In­no­va­tions trans­form re­tail in­dus­try

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Zhu Yanxia has been work­ing in the re­tail in­dus­try for decades but now her pro­fes­sional knowl­edge is be­ing chal­lenged by new tech­nol­ogy.

“The largest in­vest­ment of the lat­est re­tail fa­cil­i­ties is no longer rent and la­bor, but tech­nol­ogy,” Zhu said after wit­ness­ing the open­ing of the first un­manned con­ve­nience store in Shen­zhen by lo­cally listed Rain­bow Depart­ment Store Co Ltd last month.

Zhu, who heads the com­pany’s con­ve­nience-store sec­tor, said the op­er­at­ing struc­ture of the avant-garde store is com­pletely dif­fer­ent from tra­di­tional ones.

“Tra­di­tion­ally, one con­ve­nience store needs about six staff but now one em­ployee could man­age at least 10 self­ser­vice ones with the help of hard­ware and com­puter sys­tems,” she ex­plained. “And the ‘box store’ can be placed in res­i­den­tial com­mon space so rent is much cheaper than re­tail prop­erty.”

De­vel­op­ment of su­per­mar­kets and depart­ment stores used to rely on rapid ex­pan­sion but con­sump­tion up­grade and e-com­merce com­pe­ti­tion force them to trans­form to more ef­fi­cient busi­ness mod­els.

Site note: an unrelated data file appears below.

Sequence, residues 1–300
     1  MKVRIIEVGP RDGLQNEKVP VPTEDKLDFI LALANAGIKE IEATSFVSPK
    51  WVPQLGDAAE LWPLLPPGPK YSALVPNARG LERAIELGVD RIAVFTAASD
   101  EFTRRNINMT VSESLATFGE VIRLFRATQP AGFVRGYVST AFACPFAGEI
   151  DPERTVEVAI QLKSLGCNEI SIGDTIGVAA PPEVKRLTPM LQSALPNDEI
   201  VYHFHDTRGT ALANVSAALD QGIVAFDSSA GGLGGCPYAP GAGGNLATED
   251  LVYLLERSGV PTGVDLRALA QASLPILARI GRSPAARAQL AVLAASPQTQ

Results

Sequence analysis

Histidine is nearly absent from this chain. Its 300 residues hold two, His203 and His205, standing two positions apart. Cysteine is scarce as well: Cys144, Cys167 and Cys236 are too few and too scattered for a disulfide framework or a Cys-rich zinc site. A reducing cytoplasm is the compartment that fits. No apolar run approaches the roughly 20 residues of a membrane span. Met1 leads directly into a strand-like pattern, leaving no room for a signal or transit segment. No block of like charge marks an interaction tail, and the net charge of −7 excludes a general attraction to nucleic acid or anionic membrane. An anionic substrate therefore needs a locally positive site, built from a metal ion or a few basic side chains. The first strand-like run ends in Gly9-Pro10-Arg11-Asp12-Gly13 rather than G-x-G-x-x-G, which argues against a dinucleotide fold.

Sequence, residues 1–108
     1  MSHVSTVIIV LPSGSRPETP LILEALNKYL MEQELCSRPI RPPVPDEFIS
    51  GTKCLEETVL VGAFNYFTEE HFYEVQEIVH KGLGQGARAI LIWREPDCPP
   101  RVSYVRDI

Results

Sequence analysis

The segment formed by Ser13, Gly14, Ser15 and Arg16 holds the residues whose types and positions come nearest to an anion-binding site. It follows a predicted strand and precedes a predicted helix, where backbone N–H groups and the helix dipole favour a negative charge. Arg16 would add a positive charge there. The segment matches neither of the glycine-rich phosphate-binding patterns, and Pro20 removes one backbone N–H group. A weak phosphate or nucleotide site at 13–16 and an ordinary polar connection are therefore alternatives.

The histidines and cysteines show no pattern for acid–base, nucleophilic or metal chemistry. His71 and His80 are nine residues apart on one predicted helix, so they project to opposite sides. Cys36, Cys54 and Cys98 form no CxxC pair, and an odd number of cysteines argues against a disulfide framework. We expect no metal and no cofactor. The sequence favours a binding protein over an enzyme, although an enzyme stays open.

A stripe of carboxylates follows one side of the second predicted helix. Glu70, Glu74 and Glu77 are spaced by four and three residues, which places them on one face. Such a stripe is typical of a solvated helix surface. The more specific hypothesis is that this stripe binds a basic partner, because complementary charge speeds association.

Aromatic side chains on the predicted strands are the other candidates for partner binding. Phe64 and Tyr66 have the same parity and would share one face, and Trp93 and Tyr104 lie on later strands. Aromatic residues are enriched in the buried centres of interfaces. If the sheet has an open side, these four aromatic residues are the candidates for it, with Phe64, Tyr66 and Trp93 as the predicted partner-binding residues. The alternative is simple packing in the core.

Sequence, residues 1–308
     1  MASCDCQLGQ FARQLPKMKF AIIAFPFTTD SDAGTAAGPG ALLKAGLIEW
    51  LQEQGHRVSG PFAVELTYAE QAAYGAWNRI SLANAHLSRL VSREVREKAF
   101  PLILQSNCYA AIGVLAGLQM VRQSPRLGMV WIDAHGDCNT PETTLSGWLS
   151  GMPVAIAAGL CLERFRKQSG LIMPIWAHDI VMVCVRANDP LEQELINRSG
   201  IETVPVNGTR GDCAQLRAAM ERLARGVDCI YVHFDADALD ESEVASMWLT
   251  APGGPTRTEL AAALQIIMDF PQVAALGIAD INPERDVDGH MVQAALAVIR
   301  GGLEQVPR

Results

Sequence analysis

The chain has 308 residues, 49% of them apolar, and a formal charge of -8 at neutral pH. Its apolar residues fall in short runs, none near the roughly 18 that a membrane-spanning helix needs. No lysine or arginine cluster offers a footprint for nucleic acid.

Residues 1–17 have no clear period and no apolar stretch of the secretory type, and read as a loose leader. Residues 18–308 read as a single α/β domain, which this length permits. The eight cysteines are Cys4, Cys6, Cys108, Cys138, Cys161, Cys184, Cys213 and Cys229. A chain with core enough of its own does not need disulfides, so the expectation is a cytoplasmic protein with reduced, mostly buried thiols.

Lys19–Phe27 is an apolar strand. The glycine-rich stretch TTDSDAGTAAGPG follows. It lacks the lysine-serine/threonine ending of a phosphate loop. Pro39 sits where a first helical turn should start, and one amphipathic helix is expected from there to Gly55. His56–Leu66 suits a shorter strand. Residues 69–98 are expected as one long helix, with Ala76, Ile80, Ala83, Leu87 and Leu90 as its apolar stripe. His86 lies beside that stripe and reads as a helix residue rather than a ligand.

Tech­nol­ogy is re­garded as the new drive to win the re­tail revo­lu­tion, be­cause it can cre­ate new forms of sell­ing and es­ca­late op­er­at­ing ef­fi­ciency of tra­di­tional stores.

Zhang Yun, an­a­lyst at mar­ket con­sult­ing firm iRe­search, said ar­ti­fi­cial in­tel­li­gence and other ad­vanced tech­nol­ogy can pro­vide so­lu­tions based on big data anal­y­sis for re­tail­ers to make busi­ness de­ci­sions.

Ap­pli­ca­tion of such tech­nolo­gies in­volves pric­ing, pro­mo­tion man­age­ment, de­mand pre­dic­tion, lo­gis­tics and al­most ev­ery process in the re­tail in­dus­try, he noted.

Machine vi­sion

Ding Xiao­gang, founder and chief ex­ec­u­tive of Shen­zhen Xiaozhou Tech­nol­ogy, said tra­di­tional re­tail­ers ei­ther don’t col­lect data on op­er­at­ing pro­cesses, such as num­ber of vis­i­tors, or rely on re­ports from staff at each store. The ac­cu­racy and up­date rate of man­ual records is rel­a­tively low, how­ever.

Es­tab­lished in 2014, the startup de­vel­oped a cam­era that can ob­serve, record and an­a­lyze cus­tomer traf­fic and con­sump­tion be­hav­ior based on machine-vi­sion tech­nol­ogy so re­tail­ers have ac­cu­rate knowl­edge of each out­let’s per­for­mance.

In­stalled at the ceil­ing of a store’s en­trance, the cam­era can make video record­ings and, more im­por­tantly, count the num­ber of peo­ple pass­ing by, en­ter­ing and leav­ing the store by rec­og­niz­ing the head and shoul­ders of hu­mans.